BY JOANNE BARRY COLON
Did you know that 25 percent of women and 16 percent of men between the ages of 50 and 70 experience knee pain due to age, being overweight and suffer from weak or tight muscles? Research shows that people who stand and sit for long periods of time often experience stiffness and chronic knee pain.
As a Certified Personal Trainer and post rehab specialist, I encourage clients to incorporate a daily exercise routine that includes strength training and stretches.
Below are several exercises and stretches to help decrease knee pain:
• Quadricep Stretch: Stand upright and place one hand on the wall or chair for support and pull your right foot toward your buttocks until you feel a stretch on the quadriceps. Hold this stretch for 20 to 30 seconds and repeat on the left side. Do one to two sets.
• Wall Sit: Stand up against the wall and place your feet about six inches away from the wall (be sure to keep your knees directly over your ankles). Keep your head, shoulders and upper back against the wall and slide down the wall until your thighs are parallel with the ground and hold this position for a minimum of 20 seconds to maximum one minute, rest and repeat two to three sets.
• Hamstring Stretch: Lie on your back with both feet on the floor and knees bent, and then extend the right leg straight up and interlace your fingers behind your hamstring, and gently pull your leg toward your face until you feel a slight tightness in your hamstring. Hold for 20 to 30 seconds, then repeat on the left side. Repeat one to two sets.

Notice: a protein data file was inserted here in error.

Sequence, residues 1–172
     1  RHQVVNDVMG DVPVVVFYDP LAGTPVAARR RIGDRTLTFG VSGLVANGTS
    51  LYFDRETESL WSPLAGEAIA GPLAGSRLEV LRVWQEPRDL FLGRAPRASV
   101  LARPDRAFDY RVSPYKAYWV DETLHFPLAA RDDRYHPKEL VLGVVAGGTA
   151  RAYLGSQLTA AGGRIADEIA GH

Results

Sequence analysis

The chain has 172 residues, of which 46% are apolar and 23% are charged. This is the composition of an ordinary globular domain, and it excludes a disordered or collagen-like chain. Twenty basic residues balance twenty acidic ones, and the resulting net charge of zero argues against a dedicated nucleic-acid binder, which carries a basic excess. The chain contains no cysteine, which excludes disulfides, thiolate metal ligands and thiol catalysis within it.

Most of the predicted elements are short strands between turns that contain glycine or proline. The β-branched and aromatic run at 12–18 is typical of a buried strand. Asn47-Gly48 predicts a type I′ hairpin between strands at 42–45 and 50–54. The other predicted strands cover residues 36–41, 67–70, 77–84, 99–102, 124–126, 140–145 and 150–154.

• Single Leg Bridge: Lie on the floor, feet flat on the floor about a foot apart, then extend the right leg up (keeping both knees parallel), hold your hips up for three seconds and lower your hips. Repeat this for 10 reps, then lower your hips and extend the left leg and repeat on the left side. Do two to three sets for 10 reps on each leg.
• Butterfly Stretch: Lie on your back, separate your knees to the floor, keeping the balls of your feet together, allow your knees to drop to the floor and hold for 15 to 20 seconds. Bring your knees back together and repeat two to three sets.
• Ball Adductor Squeeze: Lie on your back, both knees bent, place a ball between both knees and squeeze the ball for three to five seconds. Relax and repeat for 10 to 15 repetitions. This exercise can be done sitting in a chair. Do two to three sets.
• Hip Abductor Stretch: Lie on your back and cross your left heel on your right knee and interlace your fingers behind your right hamstring. As you inhale pull your knee in, and as you exhale, release your leg. Repeat on the other side. Do one to two sets.
• Lying Abductor: Lie on your side, with both legs straight, elevate your top leg the height of your shoulder (keep sure your hip parallel to the wall in front of you), and hold for three seconds. Lower your leg down about one inch from the other leg. Repeat 10 to 15 times, then repeat on the other leg. Do two to three sets.
I recommend consulting with your physician and, for best results, working one on one with a Certified Personal Trainer, post rehab specialist or physical therapist. Email your questions to firstname.lastname@example.org. Redeem this article to receive a complimentary 30-minute workout.